Driver's licensee sought review of a decision from the Department of Public Safety revoking his driver's license for a period of three years following his third alcohol-related offense committed within a five-year period. The District Court, Cleveland County, reduced the revocation period to one year. On the Department's appeal, the Court of Civil Appeals affirmed the one-year revocation. On certiorari to the Court of Civil Appeals, the Supreme Court held that the licensee's first revocation occurred when he actually lost driving privileges, which was within five years of his third revocation. The Court of Civil Appeals judgment vacated, and the District Court judgment reversed.
- Mize v. Liberty Mutual Ins. Co., 393 F.Supp.2d 1223 (W.D.Okla. 2005)
Motorist who alleged that he suffered injury by operation of a motor carrier and that motor carrier was required to be and was, in fact, insured by insurer stated a claim against insurer under Oklahoma statute which created a direct cause of action by a person injured by operation of a motor carrier against the motor carrier's insurer, provided that the motor carrier was insured. 47 Okl.St.Ann § 230.30.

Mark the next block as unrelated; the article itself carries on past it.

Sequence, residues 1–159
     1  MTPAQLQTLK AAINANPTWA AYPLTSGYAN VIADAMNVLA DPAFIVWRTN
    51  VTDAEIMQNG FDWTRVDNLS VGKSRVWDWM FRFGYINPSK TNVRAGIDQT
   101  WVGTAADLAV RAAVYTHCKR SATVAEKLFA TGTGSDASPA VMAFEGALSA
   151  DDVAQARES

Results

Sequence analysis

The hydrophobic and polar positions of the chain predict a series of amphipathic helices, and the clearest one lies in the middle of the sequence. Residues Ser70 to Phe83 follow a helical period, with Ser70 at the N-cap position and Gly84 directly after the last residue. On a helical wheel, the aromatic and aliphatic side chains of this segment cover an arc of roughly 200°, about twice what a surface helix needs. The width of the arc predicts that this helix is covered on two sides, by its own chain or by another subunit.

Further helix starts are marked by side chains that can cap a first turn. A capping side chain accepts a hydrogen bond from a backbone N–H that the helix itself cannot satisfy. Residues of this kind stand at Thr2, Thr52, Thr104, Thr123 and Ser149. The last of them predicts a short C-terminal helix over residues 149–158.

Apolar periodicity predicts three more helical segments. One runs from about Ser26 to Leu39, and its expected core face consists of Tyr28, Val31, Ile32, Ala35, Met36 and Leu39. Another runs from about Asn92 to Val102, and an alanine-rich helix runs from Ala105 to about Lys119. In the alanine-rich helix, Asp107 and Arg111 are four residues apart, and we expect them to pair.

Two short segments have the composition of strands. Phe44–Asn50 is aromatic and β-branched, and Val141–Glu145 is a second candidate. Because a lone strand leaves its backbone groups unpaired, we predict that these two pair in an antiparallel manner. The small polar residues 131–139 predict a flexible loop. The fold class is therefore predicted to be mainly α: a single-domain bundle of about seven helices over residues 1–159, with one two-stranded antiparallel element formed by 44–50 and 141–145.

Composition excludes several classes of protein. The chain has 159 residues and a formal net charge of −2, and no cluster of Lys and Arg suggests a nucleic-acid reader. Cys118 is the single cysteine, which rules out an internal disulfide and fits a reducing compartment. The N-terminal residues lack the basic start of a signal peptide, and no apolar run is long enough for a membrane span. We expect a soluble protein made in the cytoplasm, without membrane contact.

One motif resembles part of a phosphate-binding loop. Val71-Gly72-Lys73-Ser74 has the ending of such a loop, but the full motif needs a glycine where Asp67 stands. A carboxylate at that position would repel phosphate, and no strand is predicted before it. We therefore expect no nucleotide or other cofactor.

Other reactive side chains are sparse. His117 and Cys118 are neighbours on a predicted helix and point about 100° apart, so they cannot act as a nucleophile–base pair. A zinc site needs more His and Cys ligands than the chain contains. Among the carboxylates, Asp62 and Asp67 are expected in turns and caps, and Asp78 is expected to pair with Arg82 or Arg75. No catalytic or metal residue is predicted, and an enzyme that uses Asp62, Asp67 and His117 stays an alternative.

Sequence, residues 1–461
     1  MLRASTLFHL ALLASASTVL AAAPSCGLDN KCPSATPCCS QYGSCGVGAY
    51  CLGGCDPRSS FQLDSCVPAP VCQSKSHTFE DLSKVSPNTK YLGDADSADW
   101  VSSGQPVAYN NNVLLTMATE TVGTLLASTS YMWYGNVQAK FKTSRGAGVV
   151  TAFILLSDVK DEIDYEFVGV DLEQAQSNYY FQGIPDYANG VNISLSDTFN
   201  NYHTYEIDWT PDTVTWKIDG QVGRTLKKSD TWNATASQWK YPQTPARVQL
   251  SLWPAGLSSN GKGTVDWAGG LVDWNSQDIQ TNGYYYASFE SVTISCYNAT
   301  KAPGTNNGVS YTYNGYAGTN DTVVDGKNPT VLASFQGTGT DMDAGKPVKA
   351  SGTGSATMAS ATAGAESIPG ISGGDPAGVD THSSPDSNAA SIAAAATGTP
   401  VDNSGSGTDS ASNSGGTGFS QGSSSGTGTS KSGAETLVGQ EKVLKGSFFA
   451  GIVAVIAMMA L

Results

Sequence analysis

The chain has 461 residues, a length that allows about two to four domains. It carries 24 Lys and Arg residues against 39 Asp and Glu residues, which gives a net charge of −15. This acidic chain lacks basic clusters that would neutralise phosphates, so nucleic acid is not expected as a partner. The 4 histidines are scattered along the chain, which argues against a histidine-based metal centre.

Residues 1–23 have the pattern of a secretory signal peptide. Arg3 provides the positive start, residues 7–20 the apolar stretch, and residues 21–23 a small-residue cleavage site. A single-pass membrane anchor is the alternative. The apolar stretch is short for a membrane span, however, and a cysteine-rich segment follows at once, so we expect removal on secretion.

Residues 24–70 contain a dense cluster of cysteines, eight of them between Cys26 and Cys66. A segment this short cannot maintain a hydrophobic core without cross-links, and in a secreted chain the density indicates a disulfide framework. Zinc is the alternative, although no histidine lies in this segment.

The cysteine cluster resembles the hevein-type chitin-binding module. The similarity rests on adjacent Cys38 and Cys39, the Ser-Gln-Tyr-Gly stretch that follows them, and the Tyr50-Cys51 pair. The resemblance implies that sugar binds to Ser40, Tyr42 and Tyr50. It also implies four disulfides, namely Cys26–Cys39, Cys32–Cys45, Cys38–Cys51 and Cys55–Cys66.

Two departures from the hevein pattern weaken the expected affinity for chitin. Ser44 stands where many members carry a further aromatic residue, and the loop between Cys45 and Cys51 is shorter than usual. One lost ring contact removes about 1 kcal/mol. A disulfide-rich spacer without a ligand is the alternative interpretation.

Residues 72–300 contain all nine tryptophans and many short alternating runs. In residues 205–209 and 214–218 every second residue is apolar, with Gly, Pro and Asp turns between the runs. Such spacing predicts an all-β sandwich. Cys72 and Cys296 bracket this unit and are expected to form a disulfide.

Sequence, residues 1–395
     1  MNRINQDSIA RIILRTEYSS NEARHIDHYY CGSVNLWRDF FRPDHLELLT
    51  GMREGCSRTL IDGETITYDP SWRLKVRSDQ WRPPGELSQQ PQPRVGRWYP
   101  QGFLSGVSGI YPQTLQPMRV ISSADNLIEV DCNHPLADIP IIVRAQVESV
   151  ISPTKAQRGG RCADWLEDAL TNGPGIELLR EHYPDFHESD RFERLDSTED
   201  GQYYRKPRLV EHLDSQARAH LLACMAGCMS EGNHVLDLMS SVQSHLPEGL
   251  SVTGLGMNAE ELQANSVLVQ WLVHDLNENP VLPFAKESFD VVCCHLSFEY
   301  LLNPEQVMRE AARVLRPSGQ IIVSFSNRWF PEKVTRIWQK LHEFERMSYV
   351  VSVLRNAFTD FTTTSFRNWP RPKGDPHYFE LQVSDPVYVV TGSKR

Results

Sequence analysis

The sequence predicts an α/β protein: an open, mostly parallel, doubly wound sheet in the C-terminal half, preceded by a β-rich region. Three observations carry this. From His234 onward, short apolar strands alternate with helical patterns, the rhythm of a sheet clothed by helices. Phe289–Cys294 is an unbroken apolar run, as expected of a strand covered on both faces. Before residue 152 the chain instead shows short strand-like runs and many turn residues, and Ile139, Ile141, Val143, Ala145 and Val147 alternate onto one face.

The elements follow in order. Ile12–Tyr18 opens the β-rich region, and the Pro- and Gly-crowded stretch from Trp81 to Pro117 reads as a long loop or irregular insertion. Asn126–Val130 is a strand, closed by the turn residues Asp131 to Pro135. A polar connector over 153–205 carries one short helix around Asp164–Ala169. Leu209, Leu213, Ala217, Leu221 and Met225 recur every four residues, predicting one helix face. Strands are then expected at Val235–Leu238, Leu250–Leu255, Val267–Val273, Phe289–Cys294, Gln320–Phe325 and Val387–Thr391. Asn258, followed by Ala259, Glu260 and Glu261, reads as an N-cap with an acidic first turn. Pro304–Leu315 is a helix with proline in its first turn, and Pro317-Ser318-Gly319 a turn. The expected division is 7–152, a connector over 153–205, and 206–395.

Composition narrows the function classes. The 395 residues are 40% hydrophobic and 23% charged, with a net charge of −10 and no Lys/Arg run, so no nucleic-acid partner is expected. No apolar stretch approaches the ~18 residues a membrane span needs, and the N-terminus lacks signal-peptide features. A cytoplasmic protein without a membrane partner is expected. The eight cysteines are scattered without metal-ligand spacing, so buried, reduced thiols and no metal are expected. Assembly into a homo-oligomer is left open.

- Pierce v. State ex rel. Dept. of Public Safety, 327 P.3d 530 (2014)
Motorist petitioned for review administrative suspension of driver's license following arrest for driving under influence (DUI). The District Court set aside suspension order and reinstated motorist's driving privileges. Appeal was taken, and the Court of Civil Appeals reversed. Certiorari review was granted. The Supreme Court held that:  delay of 20 months in conducting administrative suspension hearing violated motorist's state constitutional right to speedy remedy in civil action, and  trial court had jurisdiction to consider motorist's claim that 20–month delay in suspension hearing violated state constitutional right to speedy remedy, even if claim was not asserted in administrative proceedings. Opinion of Court of Civil Appeals vacated; judgment of District Court affirmed.
- Price v. Reed, 725 P.2d 1254 (1986)